• Friday, September 29, 2023
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How improper planning impaired FG’s decision to end petrol subsidy

Nigeria faces tough choice of N6trn petrol subsidy in 2023

In his inauguration speech on May 29, 2023, Nigeria’s new President, Bola Ahmed Tinubu stunned the nation when he announced an end to the decade-long government-funded subsidy that has helped reduce the price of petrol in the country.

It was a bold decision consistent with his campaign promise. It was a proclamation that repudiated the lack of will by the preceding administration in ending the subsidy charade.

In 2012, Tinubu himself was one of the well-known critics of the then Jonathan administration’s attempt to remove fuel subsidy. He had accused the Jonathan presidency of betraying its social contract with the people by suddenly removing fuel subsidy.

“If subsidy must be removed at all”, he had opined then, “it must never be at one fell swoop. Rather it must be on calibrated phases, on which the promised gains are measured and confirmed before moving to the next phase of removal.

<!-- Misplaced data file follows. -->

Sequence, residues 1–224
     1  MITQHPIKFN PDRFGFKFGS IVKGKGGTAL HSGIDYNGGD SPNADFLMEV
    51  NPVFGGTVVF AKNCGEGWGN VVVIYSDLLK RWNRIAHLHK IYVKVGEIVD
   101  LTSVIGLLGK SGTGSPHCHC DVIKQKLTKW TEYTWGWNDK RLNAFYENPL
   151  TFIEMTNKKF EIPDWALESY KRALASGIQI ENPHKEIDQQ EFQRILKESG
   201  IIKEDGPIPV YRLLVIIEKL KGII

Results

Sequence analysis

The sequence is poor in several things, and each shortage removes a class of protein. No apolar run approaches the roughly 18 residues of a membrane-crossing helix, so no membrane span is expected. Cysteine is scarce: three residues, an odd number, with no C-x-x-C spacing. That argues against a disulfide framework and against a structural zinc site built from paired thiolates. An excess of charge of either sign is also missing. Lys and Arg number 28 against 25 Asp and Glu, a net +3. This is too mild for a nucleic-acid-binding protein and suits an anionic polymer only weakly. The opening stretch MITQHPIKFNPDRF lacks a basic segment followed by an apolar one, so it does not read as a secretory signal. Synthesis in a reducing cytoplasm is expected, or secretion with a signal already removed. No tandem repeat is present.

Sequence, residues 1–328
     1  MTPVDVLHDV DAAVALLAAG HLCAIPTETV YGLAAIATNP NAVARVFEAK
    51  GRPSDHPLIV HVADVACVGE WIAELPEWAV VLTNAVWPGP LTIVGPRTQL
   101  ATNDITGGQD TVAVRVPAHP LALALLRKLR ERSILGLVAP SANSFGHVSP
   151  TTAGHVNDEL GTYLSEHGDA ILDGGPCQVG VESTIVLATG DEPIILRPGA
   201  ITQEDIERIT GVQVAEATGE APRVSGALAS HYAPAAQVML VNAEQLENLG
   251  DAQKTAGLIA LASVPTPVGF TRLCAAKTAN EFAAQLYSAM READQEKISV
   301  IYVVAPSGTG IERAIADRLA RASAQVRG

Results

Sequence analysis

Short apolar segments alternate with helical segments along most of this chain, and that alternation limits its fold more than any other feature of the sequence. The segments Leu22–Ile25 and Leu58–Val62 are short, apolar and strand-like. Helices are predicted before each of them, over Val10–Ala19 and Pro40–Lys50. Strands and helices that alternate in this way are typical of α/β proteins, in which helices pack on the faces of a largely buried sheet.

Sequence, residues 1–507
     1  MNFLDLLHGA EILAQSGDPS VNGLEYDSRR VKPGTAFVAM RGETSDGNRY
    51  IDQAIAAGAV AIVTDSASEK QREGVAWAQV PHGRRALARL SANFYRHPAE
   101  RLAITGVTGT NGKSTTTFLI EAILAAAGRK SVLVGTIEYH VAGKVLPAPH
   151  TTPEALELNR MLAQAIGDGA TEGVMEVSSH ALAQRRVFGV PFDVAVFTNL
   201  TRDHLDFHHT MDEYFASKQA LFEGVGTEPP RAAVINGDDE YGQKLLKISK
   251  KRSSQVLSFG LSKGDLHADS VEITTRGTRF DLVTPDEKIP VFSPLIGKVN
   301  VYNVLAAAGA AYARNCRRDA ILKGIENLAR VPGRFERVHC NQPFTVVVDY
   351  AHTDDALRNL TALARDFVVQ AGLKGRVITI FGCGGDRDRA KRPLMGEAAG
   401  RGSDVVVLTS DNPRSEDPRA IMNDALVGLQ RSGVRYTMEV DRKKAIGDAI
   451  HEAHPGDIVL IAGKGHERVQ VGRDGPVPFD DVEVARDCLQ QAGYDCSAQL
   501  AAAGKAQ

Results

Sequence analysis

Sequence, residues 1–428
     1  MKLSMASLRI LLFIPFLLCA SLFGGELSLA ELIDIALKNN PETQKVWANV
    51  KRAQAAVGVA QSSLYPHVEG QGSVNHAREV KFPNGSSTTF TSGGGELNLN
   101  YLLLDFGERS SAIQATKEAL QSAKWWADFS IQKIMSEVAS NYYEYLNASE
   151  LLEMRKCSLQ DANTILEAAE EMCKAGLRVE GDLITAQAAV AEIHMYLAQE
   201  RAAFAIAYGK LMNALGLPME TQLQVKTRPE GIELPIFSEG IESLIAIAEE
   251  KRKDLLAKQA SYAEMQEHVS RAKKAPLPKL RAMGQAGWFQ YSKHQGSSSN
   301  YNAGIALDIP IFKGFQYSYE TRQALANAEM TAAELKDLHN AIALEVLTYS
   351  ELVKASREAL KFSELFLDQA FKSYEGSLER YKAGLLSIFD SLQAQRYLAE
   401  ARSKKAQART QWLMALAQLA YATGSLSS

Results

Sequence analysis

“Government must modify the sudden and complete removal of the subsidy. Either we restore the subsidy or use the funds for other social purposes,” Tinubu had counselled.

“If we are to use the funds for other programmes, these programmes shall be placed on parallel track with the subsidy. As more of these programmes are ready to go on line, then the subsidy can be lifted in phases,” he continued.

“In this way, the public is assured government will not lower its total expenditure on their behalf, thus maintaining the spirit central to the social contract.”

“The Jonathan tax,” he declared, “represents a new standard in elitism.”

Nigeria’s fuel subsidy scheme was no doubt one of the biggest state-sanctioned heists of any country’s treasury. It was a monumentally corrupt scheme that created billionaires out of Nigeria’s politicians, officials of the state-owned Nigerian National Petroleum Corporation Limited (NNPCL) and their business cronies.